Why Do You Homeschool?

Emily did such a great job on Monday of pinpointing some of the reasons that I love homeschooling. I love the flexibility of it–the chance for my kids to explore the things they’re interested in. I love the fact that I know exactly how they’re doing in their subjects, and what they struggle with. (If I’m being honest, it’s the control freak at work here.) And I love being with my kids during their best hours of the day. It is exhausting, gruelling work, and I have emotional breakdowns far more often than I’d care to admit, but I still wouldn’t trade it.

Since Emily said all those things so eloquently, I wanted to focus today on some of the negative aspects of the public school system that have convinced us that our kids should not be there.

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Recently, I’ve talked to several moms with younger children who have been thinking about homeschooling. They feel that it is the best decision for their family, but they’re having a hard time wrapping their heads around the ‘how-to’s’ of homeschooling. What I’ve been saying to them is, “Even if all you do this first year is read books to your kids, they will be better off than if you had put them in public school.” I know that’s a little bit of an extreme stance to take, but let me explain myself.

I have not always been that hard-core about it, and you may remember in my post last year I mentioned that we try to take it on a year-to-year basis. This year, however, I became convinced that the public school environment is a harmful one for small children in a few important areas.

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First, the bullying. I do not subscribe to the idea that kids need to learn how to take their knocks at young ages, and bullying is becoming more of a problem for younger and younger children. Google “bullying,” and you will get tons of hits on statistics, stories, action committees, and government websites dedicated to prevention. I do agree that young people need to learn to deal with bullies at some point in life, but an elementary school child is too young to take away any kind of constructive lesson from an encounter with a bully. And truthfully, the thought that special needs kids are more frequently victims of bullying makes me tremble. For the sake of all of our kids, including our special needs daughter, I won’t subject them to that yet.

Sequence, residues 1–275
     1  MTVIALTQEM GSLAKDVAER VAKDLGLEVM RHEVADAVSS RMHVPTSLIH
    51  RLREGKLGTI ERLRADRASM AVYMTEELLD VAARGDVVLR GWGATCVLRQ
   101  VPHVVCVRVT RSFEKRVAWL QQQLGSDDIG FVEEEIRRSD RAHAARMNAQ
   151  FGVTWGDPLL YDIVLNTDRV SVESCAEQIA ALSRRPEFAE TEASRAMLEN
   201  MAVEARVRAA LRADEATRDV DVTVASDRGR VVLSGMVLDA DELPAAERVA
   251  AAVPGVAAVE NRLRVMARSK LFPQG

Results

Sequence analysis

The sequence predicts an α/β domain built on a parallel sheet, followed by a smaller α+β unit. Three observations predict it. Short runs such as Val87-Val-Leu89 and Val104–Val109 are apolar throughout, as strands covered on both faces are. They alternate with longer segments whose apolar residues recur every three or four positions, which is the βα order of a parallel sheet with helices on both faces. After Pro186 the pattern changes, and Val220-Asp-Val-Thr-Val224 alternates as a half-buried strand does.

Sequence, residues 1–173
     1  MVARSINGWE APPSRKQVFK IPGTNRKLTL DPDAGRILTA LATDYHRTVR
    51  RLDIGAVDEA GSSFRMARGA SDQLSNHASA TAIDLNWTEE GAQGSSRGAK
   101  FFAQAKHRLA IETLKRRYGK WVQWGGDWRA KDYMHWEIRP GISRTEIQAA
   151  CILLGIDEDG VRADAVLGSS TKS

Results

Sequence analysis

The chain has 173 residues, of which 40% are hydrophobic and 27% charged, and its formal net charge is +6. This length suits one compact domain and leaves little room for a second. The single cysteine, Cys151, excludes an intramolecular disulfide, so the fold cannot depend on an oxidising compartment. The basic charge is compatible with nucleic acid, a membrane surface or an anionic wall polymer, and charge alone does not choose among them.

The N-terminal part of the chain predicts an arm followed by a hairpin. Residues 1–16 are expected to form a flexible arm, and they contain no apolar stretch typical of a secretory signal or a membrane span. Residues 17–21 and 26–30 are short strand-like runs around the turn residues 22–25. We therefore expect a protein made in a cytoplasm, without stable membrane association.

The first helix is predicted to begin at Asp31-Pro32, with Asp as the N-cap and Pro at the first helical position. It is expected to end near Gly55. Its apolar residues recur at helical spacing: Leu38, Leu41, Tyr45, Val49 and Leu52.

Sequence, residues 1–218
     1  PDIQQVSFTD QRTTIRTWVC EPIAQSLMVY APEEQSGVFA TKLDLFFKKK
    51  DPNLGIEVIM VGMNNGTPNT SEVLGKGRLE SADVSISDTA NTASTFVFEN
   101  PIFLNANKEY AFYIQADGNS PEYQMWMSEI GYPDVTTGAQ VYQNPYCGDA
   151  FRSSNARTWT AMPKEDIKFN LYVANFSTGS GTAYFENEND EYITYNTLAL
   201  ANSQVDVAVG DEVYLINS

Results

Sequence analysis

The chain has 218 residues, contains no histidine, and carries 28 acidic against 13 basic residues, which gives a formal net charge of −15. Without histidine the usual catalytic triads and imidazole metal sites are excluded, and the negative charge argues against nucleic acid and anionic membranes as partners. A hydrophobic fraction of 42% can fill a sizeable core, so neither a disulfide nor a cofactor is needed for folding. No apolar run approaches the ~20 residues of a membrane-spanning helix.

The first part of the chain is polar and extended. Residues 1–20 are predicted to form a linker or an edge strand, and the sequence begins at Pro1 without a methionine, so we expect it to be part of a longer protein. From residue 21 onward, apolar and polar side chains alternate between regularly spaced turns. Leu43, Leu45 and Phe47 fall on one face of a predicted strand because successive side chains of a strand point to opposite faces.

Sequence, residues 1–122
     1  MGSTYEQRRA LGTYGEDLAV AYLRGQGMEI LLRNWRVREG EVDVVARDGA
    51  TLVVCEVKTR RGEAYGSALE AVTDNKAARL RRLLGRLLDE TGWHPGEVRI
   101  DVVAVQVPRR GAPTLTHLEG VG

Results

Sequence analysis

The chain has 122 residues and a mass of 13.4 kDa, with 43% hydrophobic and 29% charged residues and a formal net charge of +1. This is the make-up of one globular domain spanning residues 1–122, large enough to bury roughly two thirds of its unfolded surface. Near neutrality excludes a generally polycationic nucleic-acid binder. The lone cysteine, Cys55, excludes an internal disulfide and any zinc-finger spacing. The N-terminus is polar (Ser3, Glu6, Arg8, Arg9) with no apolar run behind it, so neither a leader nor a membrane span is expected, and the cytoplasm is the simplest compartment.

Second, the area of sexual instruction and exposure. Whether or not you live in a state with mandatory sexual education (and here’s an interesting article about which direction Canadian schools are heading), your child is going to get all kinds of exposure from the other kids in the class. When small children snicker about the new words they’re learning, or point to others and tease, how is that teaching our children a healthy view of sexuality? Unfortunately, my son is already getting exposure to some of this after his soccer practices, when all the boys pull out their iPhones as they wait for mom or dad. Because this is an area of temptation he will have to deal with, I would rather have in the ‘small’ doses of a few times a week, rather than the constant barrage that would happen at school. With the more infrequent occurrences, my husband and I have a better chance at dealing with the issue with him, helping him think through what’s going on and what the Bible calls us to do in these situations.

And third, the sexual abuse that happens in public schools. This is something that no parent wants to think about, but for the safety of our kids, we’ve got to. A school setting is the perfect setting for abuse. The teachers are known to the kids. They spend time with the kids. They are convincing authority figures in the children’s lives. It’s the dream set-up for a pedophile, and sadly, the victims are there to prove it. But it’s not just teachers abusing children; it’s older (or bigger) children abusing the younger ones. The thought of this makes me sick to my stomach, and I am unwilling to put my kids in a position where this could happen at such a vulnerable age.

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I know that in real life, there is no way to shield my kids completely from these things. But the reality is that the public schools are breeding grounds for all of these, and I can no longer look at the rate of pornography viewing during school hours (for instance) and pretend it wouldn’t affect my kids. I have become convinced that public schools are not safe for small children.

What about private schools? I do not put private Christian schools quite in this same category. It would depend a lot on the school, but Christian schools have much more of an interest in making sure that kids aren’t bullied or looking at pornography on their way through the halls. Private schools also tend to have parents who are far more involved, which cuts down on possibilities for errant behavior. For us, though, the financial burden alone of a private school makes it impossible. Two years ago we did enroll our son in a private school, but it was a rough year for all of us, and we decided at the end to bring him back home. Maybe someday I’ll tell you the story.

However, we think the high school years could be different. Public schools have a lot of opportunities for high schoolers, and we don’t want to completely close our minds to that possibility. It will depend on each kid: their preference, their maturity, their academic abilities, and their ability to roll with the punches. We’ll cross that bridge when we get there. For now, we’re home.

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One Response to Why Do You Homeschool?

  1. Pingback: Homeschooling Retrospective | Everything to Someone

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